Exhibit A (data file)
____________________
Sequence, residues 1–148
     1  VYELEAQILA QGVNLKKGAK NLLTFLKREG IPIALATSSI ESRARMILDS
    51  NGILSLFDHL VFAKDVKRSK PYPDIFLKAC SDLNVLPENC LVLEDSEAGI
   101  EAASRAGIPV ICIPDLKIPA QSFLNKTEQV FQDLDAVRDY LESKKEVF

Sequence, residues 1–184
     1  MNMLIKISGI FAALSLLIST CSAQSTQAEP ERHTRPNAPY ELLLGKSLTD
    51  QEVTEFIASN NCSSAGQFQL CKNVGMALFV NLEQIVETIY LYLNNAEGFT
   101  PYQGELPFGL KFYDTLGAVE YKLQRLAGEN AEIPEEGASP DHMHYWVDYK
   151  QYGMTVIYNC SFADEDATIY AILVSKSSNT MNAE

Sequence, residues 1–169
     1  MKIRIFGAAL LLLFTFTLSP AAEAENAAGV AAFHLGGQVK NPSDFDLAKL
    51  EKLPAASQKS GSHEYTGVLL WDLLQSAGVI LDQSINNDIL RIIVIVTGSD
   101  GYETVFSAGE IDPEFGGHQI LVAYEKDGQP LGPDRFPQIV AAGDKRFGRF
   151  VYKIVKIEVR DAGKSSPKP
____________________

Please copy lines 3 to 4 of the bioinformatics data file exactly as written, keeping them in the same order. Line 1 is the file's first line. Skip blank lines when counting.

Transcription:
    51  NGILSLFDHL VFAKDVKRSK PYPDIFLKAC SDLNVLPENC LVLEDSEAGI
   101  EAASRAGIPV ICIPDLKIPA QSFLNKTEQV FQDLDAVRDY LESKKEVF